Change of heart: Fan plans to give baseball to Albert Pujols; wants no money
Detroit — Ely Hydes just wanted a moment to collect himself and give it some thought, and the Tigers' staff didn't give him that. And so, said Hydes, that is the reason why he walked out of Comerica Park on Thursday afternoon with the baseball representing Los Angeles Angels slugger Albert Pujols' 2,000th career RBI.
One day later, given some time to think it over, Hydes said he has changed his mind. He plans to give the ball to Pujols or the National Baseball Hall of Fame.
"I slept on it," Hydes told The Detroit News over the phone on Friday night. "All I ever wanted was to sleep on it. I slept on it and I woke up and I think (Pujols) is a class act.
"He's not my player, he's not my guy, I don't deserve the ball.
"I reconsidered. One-hundred percent, I'm either going to give it to Pujols or to the Hall of Fame."
And before you ask, no, this isn't a cash grab.
"I don't want any money," Hydes said.
Hydes, who attended Thursday's game with two buddies he met in the Peace Corps, caught Pujols' third-inning home run. He didn't immediately know the significance of the home run until the Tigers PA announcer made an announcement that Pujols had become the third official member of MLB's 2,000-RBI club, and also when ballpark security immediately began to swarm him.
The Tigers' security staff wanted the ball for Pujols, and made one offer after another — negotiations started with a Pujols signed ball and ended with a Pujols signed ball, jersey, meet-and-greet and some memorabilia from Tigers star Miguel Cabrera.
Hydes turned all that down, in large part, he said, because he felt the Tigers were pressuring him to turn the ball over. A "hard sell," Hydes said.
The Tigers disputed that Thursday, and again Friday in a statement from vice president of communications Ron Colangelo, who was not present for the interactions between Hydes and Tigers staff on Thursday.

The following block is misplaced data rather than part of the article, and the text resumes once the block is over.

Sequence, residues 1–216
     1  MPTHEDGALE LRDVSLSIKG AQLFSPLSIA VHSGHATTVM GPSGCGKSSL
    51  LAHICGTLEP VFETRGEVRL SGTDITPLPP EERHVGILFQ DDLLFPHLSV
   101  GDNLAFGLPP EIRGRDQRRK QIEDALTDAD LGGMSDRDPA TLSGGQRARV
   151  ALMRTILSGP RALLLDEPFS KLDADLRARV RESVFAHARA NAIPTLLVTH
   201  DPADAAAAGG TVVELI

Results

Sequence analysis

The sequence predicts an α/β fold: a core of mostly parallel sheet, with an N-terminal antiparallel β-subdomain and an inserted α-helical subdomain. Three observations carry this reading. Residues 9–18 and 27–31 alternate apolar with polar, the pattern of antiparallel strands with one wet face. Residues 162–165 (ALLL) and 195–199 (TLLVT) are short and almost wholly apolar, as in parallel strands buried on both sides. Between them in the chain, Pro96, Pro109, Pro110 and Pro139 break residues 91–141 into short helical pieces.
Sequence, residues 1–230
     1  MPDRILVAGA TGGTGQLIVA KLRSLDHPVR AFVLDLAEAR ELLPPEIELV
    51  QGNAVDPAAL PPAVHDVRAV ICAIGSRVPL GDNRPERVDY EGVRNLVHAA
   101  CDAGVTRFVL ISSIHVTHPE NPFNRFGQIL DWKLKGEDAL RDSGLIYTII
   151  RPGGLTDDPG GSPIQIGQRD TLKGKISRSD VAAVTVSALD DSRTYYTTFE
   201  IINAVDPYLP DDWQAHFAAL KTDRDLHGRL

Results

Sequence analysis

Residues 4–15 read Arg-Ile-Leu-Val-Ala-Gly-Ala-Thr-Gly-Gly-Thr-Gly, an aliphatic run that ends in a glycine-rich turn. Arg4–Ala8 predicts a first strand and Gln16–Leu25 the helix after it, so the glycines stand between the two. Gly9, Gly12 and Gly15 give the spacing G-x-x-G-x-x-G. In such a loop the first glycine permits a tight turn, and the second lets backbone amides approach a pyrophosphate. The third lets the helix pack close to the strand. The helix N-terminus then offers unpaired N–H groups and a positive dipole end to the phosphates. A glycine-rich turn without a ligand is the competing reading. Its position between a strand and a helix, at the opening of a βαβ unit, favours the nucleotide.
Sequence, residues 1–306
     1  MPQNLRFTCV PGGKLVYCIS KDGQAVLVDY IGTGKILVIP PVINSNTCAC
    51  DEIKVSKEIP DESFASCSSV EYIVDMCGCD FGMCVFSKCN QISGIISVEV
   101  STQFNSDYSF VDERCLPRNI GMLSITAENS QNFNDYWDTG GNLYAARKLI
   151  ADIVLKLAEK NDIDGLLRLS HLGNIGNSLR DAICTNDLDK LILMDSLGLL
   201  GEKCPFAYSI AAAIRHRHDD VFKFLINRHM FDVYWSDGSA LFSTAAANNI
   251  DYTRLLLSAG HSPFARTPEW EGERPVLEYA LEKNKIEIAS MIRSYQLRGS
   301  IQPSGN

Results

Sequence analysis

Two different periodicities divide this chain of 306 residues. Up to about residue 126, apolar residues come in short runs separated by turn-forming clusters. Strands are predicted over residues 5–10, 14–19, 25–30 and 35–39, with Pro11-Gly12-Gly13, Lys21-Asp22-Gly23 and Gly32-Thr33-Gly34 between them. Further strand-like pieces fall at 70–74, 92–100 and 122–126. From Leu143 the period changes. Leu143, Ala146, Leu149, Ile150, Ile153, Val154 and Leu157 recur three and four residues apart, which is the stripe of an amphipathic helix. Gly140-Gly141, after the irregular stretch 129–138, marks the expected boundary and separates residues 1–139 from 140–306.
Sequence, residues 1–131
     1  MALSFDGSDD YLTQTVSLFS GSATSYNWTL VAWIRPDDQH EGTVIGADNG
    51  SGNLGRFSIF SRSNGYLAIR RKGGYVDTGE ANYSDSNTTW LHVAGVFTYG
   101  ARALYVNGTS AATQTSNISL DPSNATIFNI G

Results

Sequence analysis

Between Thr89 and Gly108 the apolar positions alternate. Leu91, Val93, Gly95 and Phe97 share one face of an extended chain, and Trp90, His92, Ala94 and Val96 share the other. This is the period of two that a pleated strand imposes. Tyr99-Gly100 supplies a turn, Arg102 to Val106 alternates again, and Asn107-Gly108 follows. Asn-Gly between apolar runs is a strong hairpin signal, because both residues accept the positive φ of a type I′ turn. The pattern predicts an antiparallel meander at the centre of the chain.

"We spoke with members from the Comerica Park operations and security staffs that had contact with the guest, and we have no doubt that our staff conducted themselves in a professional manner when speaking with the guest," Colangelo said Friday. "After generous offers of both Angels and Tigers autographed memorabilia, including a meet-and-greet with Albert Pujols, our staff informed the guest that a decision needed to be reached as the Angels would be leaving the ballpark soon after the game ended.
"The guest decided he wanted to keep the ball, and our staff left the area."
Hydes originally thought he might give the ball to his brother, a lifelong fan of the St. Louis Cardinals (Pujols’ first team), or Ely's soon-to-be-born child.
He never did decide; he just knew he was going to hold on to the ball — the first ball he's ever caught at a major-league game — because, he felt, the Tigers' staff tried too hard to get him to give up the ball.
The Tigers staff, Hydes said, told him repeatedly they couldn't authenticate the ball — balls into the stands can't be officially authenticated because of chain-of-custody concerns — and therefore the ball was worthless on the open market. That pitch backfired, as Hydes felt insulted that they assumed it was all about the money to him.
Hydes, though, was impressed after the game — a 13-0 Angels win over the Tigers — when Pujols was very gracious, saying it was Hydes' right to keep the baseball.
And that seemed to sway Hydes' decision, and he's trying to reach out to Pujols to find a way to get him the ball.
Meanwhile, the whole ordeal has netted Hydes some impressive attention and also some swag, too. He made a comment in The Detroit News article Thursday about his love of Hebrew National hot dogs, and Hebrew National was so appreciative, it is sending him a summer's supply of dogs, plus other swag, including a company softball-team jersey.
"I was high on adrenaline," Hydes said Friday, looking back on the whole ordeal, which led to dozens of interview requests — local and national — and at least one Angels fan reaching out to offer him $25,000 for the ball. "I caught a baseball, and I walked out."